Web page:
- melt (v.)
- Old English meltan "become liquid, consume by fire, burn up" (class III strong verb; past tense mealt, past participle molten), from Proto-Germanic *meltanan; fused with Old English gemæltan (Anglian), gemyltan (West Saxon) "make liquid," from Proto-Germanic *gamaltijan (source also of Old Norse melta "to digest"), both from PIE *meldh-, (source also of Sanskrit mrduh "soft, mild," Greek meldein "to melt, make liquid," Latin mollis "soft, mild"), from root *mel- (1) "soft," with derivatives referring to soft or softened (especially ground) materials (see mild). Figurative use by c. 1200. Related: Melted; melting.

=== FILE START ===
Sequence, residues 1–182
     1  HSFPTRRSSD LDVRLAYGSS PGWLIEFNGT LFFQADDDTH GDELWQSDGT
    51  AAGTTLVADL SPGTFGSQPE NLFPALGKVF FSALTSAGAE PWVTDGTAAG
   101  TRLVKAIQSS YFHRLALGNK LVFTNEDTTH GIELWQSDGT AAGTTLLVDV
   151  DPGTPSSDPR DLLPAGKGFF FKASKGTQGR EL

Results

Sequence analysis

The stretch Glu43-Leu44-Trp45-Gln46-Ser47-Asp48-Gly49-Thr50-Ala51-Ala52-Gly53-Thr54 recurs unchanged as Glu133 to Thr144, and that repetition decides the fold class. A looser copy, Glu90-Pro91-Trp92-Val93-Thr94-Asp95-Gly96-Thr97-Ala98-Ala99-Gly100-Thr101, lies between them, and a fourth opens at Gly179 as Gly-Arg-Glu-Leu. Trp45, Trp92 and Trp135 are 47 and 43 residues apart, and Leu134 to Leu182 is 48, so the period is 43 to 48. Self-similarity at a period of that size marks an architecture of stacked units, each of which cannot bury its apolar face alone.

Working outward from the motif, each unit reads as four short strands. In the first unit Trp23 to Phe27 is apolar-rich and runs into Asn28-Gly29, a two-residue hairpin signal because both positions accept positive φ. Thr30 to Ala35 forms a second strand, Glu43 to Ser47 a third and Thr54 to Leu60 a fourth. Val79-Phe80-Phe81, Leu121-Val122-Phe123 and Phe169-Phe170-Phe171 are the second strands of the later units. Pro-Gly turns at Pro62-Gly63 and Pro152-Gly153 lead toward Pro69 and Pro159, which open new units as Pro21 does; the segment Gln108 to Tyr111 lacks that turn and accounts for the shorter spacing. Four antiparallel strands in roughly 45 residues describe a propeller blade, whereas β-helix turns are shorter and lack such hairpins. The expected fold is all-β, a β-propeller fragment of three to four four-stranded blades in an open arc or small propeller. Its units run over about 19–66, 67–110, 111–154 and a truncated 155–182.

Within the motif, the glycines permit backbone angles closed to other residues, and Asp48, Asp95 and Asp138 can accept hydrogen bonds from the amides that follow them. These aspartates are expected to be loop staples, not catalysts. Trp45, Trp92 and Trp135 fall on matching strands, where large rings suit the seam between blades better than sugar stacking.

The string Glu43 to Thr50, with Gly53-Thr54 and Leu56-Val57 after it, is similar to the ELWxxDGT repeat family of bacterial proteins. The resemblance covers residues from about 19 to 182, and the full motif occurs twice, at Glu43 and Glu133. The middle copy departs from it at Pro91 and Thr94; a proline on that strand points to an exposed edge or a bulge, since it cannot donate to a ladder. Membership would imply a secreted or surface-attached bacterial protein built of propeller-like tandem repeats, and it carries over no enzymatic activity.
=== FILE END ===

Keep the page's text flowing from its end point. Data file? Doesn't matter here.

Of food, to melt in (one's) mouth is from 1690s. Melting pot is from 1540s; figurative use from 1855; popularized with reference to America by play "The Melting Pot" by Israel Zangwill (1908).
- melt (n.)
- 1854, "molten metal," from melt (v.). In reference to a type of sandwich topped by melted cheese, 1980, American English.